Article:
With this cloned copy of your SIM, they can then authenticate themselves as you on the carrier network. Sounds frightening, right?

What we don't know

There is one big ugly problem with all of this. The encryption method that can be broken, DES-56, was originally cracked in 1998 by the EFF. By now, nobody should be using a known broken encryption method. Of the seven billion plus SIM cards in existence, approximately 500 million are affected.

500 million of anything is a lot, but compared to 7 billion (with a b) it's a small portion. The reports about this flaw all leave out the most vital information -- who, exactly, can be affected by this exploit?

The folks who re-discovered the DES-56 crack, led by Karsten Nohl, chief scientist at Security Research Labs in Berlin, are giving a big speech about the exploit at the Black Hat conference in Vegas at the end of July. Until then, we don't really have the details. We'll let you know more when someone decides to let us know.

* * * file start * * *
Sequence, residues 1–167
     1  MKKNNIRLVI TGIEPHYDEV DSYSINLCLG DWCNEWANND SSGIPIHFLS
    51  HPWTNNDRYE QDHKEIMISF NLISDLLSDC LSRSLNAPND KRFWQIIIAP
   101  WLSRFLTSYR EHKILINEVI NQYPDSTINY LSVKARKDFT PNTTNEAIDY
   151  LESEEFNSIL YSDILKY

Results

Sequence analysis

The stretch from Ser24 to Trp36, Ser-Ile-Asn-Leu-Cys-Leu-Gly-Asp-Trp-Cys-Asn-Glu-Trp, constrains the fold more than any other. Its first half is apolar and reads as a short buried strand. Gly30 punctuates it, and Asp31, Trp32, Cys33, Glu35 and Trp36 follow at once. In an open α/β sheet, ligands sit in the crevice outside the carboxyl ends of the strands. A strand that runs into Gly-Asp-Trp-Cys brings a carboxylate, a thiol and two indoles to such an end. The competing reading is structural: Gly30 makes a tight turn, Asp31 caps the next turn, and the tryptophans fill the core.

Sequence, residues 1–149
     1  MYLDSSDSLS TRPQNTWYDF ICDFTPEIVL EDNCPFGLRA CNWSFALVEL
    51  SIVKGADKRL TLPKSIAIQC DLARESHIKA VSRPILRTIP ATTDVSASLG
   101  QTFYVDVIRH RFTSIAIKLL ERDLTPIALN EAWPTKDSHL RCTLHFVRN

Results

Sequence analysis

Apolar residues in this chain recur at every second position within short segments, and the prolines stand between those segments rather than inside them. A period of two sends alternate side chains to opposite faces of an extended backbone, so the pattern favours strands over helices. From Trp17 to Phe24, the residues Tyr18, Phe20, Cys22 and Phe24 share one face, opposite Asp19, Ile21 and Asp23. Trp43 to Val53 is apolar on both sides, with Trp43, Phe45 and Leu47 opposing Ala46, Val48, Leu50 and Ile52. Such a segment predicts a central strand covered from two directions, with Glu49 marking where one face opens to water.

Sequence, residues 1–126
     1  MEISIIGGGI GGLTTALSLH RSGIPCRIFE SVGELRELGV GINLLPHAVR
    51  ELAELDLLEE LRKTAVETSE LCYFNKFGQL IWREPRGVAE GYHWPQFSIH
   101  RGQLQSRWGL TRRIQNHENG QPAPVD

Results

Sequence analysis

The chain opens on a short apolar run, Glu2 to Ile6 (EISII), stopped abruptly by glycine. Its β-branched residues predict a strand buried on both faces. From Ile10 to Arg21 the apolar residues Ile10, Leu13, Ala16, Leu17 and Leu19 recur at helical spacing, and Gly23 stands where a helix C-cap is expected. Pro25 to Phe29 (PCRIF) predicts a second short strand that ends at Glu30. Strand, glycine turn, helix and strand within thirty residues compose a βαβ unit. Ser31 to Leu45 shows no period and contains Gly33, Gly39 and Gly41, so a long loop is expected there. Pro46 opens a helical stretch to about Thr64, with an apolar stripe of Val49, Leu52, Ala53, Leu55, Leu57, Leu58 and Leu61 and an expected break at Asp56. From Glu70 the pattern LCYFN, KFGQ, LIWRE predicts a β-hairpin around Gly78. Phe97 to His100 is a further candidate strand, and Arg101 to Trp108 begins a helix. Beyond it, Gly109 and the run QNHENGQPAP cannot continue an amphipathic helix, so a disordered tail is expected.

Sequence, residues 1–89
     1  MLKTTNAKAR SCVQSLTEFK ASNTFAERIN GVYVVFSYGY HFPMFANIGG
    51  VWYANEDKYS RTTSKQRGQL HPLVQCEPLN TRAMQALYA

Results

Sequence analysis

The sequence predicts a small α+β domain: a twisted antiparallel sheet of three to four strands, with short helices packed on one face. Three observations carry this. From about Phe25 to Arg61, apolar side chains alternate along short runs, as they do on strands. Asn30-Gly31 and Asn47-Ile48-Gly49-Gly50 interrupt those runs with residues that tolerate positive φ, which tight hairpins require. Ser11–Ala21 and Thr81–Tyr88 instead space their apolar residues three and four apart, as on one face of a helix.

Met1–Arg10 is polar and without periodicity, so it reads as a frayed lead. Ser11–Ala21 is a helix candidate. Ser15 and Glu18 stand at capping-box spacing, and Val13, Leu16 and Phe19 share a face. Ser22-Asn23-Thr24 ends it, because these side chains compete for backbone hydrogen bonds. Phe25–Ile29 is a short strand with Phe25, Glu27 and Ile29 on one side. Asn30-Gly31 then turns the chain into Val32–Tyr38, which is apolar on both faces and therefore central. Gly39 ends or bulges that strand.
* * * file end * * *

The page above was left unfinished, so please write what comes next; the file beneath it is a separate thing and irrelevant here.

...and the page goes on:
In the meantime, put the tin foil away. We'll know all the details in about a week.

 
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The 'new' SIM card exploit probably doesn't concern you

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As my hacking professor said: "The only safe computer is one that is powered off, and even then, it's still not really safe."

CDMA isn't LTE

CDMA doesn't use sim cards directly, any cdma only phone does not use sim cards.